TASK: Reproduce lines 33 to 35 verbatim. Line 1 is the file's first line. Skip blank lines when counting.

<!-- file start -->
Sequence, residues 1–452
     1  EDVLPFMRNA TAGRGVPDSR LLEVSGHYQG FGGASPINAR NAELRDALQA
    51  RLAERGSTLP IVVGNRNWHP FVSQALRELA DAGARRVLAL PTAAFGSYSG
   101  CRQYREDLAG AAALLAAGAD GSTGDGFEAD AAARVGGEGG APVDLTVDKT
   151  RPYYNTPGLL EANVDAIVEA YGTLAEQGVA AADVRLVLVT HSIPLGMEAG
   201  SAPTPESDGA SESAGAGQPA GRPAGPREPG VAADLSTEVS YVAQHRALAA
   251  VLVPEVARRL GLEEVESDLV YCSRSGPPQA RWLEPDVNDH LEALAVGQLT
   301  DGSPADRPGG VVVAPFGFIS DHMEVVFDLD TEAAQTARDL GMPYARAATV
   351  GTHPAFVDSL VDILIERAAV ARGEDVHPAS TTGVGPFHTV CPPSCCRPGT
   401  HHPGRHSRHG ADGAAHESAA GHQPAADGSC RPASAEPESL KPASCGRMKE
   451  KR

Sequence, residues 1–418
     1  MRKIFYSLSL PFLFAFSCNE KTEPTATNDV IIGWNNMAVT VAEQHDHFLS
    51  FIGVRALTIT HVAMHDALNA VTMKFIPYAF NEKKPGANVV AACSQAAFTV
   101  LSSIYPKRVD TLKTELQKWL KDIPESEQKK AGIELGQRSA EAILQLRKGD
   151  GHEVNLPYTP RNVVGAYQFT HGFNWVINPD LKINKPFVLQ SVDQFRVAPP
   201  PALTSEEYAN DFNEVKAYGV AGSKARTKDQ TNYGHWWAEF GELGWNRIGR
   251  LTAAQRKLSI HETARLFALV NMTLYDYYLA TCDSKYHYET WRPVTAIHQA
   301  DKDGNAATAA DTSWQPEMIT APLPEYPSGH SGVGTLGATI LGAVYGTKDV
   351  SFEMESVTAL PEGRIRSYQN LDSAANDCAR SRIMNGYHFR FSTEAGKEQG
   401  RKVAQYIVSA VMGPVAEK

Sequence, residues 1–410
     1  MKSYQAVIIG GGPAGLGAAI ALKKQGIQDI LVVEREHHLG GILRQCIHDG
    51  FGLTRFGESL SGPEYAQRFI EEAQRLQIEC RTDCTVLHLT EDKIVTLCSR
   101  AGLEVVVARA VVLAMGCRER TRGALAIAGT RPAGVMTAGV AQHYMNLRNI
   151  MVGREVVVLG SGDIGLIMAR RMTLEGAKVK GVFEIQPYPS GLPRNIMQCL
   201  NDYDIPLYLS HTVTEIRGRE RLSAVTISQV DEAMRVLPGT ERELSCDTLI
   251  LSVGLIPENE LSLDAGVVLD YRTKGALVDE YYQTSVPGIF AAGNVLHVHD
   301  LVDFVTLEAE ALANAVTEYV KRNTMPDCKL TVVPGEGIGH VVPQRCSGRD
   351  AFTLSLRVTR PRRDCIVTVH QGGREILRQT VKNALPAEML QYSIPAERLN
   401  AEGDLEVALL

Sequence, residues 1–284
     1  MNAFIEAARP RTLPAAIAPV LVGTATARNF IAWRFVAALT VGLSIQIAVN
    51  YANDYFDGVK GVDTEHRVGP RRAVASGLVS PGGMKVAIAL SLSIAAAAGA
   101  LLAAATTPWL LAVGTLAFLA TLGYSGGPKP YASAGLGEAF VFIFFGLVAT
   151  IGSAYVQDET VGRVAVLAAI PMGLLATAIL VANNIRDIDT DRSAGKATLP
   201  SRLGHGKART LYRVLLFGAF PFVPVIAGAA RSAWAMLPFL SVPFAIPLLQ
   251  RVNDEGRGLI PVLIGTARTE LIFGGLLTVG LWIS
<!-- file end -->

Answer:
     1  MNAFIEAARP RTLPAAIAPV LVGTATARNF IAWRFVAALT VGLSIQIAVN
    51  YANDYFDGVK GVDTEHRVGP RRAVASGLVS PGGMKVAIAL SLSIAAAAGA
   101  LLAAATTPWL LAVGTLAFLA TLGYSGGPKP YASAGLGEAF VFIFFGLVAT